It’s easy to use, though not perfect. The four shortcuts beneath the screen are, as is common, capacitive lights. So the menu, home, back and search buttons disappear when you’re not using them. This adds to the phone’s glamorously demure appearance but it does mean that if you need to use them, you have to be quick, as they blink out of existence quickly and are then utterly invisible in even the brightest light. I suggest you memorise where they are.
The Prada-LG collaboration has gone beyond fashion phone to feature phone
The phone has brains as well as beauty. There’s a functional 8GB of storage on-board with microSD card expandability married to a respectable TI OMAP4430 1GHz dual-core processor with 1GB RAM that clocks up a AnTuTu benchmark score of 5529, pretty much identical to the LG Optimus 2X. Likewise, there's an 8Mp camera, including an LED flash. True, the screen resolution isn’t a match for market leaders, but it’s rich and (when it’s allowed to be) colourful.
The camera is quick and responsive with plenty of shooting functions, including face tracking and continuous focus. There are only four scene modes (Auto, Portrait, Landscape and, er, Sunset) but the options are better laid out than on some cameraphones. As always with Android, there are easily accessible image resolution controls. The results are agreeable too, with captured images gleaming on the large glossy screen.
Calendar and coloured background option
Browsing was reasonably speedy though here the black and white screen furniture looked drab next to the page being surfed. Flash animation loaded fine and played back without problem. Video playback was unexceptional, with a slightly stuttery iPlayer stream quickly settled down and looked great, even sounding bearable through the phone’s speaker. Better, obviously, through the headphones.
Call quality was above average, thanks to a second microphone that acted as a noise-canceller, so your caller can always hear you. There were no problems with dropped calls or iffy signal strength. Battery life was also a cut above, lasting well over a day, before it needed a top-up.
Prada's Saffiano pattern on the back gives a distinctive appearance to the handset
LG’s first Prada collaboration was a handsome, innovative phone which as an early touchscreen with non-smart software was a nightmare when it came to texting, for instance. This third phone is sumptuously designed and makes the most of Android Gingerbread’s capabilities, discreetly customised in looks. This isn’t a cheap phone, so maybe you’d have expected Ice Cream Sandwich software. But that’s not what this phone is about.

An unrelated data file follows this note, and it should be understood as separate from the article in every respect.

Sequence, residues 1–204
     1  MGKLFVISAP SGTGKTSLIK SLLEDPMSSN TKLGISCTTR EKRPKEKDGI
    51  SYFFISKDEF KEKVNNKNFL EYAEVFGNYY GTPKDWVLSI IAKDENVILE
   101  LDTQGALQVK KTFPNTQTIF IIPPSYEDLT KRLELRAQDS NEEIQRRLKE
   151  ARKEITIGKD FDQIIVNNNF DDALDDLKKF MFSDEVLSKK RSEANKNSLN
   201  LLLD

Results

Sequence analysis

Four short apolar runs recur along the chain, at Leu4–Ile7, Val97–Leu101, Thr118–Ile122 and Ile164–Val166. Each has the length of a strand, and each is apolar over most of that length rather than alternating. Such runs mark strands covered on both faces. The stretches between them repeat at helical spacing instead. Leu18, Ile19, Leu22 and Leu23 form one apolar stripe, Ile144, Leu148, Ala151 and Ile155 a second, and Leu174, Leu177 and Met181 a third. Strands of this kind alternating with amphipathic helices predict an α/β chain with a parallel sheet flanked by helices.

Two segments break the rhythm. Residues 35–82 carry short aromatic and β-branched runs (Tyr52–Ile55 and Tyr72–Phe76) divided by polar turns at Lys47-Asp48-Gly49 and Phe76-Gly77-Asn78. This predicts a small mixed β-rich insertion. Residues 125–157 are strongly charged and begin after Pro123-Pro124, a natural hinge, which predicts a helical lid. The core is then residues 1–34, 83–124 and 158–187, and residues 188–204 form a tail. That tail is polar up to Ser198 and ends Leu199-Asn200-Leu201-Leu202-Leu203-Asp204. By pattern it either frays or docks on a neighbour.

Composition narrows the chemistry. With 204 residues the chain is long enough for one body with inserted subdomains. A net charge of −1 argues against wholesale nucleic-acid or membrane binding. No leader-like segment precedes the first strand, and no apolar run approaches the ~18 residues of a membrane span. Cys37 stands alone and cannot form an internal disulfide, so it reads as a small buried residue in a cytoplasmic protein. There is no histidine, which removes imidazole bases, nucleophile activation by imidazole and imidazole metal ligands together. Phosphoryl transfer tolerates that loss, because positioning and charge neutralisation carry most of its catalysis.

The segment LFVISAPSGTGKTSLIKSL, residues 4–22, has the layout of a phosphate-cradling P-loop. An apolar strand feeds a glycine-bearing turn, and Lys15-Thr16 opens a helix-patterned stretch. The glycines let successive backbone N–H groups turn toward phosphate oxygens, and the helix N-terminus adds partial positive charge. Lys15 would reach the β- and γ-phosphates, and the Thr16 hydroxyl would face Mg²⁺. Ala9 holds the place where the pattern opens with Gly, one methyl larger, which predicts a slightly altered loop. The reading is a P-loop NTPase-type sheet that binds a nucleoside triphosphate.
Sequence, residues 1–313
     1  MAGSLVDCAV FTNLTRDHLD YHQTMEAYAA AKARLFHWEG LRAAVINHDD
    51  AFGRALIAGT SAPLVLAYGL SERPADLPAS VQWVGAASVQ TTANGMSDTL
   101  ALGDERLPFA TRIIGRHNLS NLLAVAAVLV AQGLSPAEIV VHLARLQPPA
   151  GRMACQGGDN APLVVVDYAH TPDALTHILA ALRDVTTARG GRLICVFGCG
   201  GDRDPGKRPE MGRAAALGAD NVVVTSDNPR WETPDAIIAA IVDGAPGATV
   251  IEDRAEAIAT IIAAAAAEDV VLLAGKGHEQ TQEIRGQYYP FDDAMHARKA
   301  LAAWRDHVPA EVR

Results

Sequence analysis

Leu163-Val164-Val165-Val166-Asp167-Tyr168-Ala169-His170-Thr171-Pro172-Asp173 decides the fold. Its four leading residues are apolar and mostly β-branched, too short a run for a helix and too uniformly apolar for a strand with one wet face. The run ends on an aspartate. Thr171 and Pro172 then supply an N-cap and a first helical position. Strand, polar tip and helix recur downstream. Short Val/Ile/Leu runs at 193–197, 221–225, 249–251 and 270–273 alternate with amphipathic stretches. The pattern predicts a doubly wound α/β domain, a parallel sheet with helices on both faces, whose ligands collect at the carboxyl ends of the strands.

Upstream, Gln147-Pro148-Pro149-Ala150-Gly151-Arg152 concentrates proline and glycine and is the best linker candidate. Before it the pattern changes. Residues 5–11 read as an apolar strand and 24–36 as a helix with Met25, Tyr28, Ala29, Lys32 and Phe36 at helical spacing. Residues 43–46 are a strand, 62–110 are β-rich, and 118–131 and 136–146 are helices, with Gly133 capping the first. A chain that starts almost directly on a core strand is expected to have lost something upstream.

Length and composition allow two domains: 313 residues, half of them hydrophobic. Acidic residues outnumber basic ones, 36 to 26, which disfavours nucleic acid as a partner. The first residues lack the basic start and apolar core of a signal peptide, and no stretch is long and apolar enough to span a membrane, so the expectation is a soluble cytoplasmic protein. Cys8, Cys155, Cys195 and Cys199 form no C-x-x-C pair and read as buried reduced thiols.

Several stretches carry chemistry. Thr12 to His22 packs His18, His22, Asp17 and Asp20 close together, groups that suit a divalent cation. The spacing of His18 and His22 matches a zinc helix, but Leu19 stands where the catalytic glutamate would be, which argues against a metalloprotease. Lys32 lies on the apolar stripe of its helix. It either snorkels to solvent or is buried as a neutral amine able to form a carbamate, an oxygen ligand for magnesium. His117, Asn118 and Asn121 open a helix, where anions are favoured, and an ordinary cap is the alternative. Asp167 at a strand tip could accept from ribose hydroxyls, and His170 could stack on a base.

Still, LG has said that it will update the handset to ICS in the next couple of months. It takes time working all those black and white icons into Android, you know.
Slim and subtle, the Prada phone by LG 3.0 is elegantly designed and quietly efficient. The black and white styling onscreen and off works tremendously, though you can dial up the colour if you want to. It’s fast and effective, with a decent camera and good-looking display. It’s certainly aimed beyond the fashionista know-alls but it won’t be for everyone – the Prada logo attracts a price premium. ®
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Prada Phone by LG 3.0
Why the obsession with upgrading the OS?
Does Android stop working once a newer version is out? Is Android so shit now that you would only buy a device with it on now if they promise to upgrade?
Surely you buy a phone that works as you need it now and has all of or as many as possible of the apps you want then use it?
I don't understand this obsession with upgrading that some Android users have -- I've had phones for a couple of years and never needed to upgrade anything to do what I need. I understand it may be cool to be able to upgrade to the latest shiny but I'd put that at the bottom of the list after it doing what I want it to do at time of purchase.
"Battery life was also a cut above, lasting well over a day"
I like how a battery life that'll span breakfast to bedtime is now considered better than average.
Hmm - it's a Lucky Goldstar phone!
Doesn't have quite the same ring to it.
Probi ng Anal ist
Why would Apple not suing LG have anything to do with LG not suing Apple? Only one could copy the other, and LG being first to market means their product cannot infringe on Apple's design. You can't say the same for Apple though.
Re: Re: Why the obsession with upgrading the OS?
You're saying now that Android doesn't get security fixes for older versions? If what you're saying is correct then I will not be buying an Android phone next as that is negligent to the extreme.
As for it being like a computer -- If I bought a computer with XP on it I wouldn't expect an upgrade to Vista and I suspect most people don't upgrade their computer OS but simply upgrade their computer every 2 to 5 years. I certainly wouldn't expect to have to upgrade my PC's OS in the first two years of ownership which seems to be the longest most people keep phones.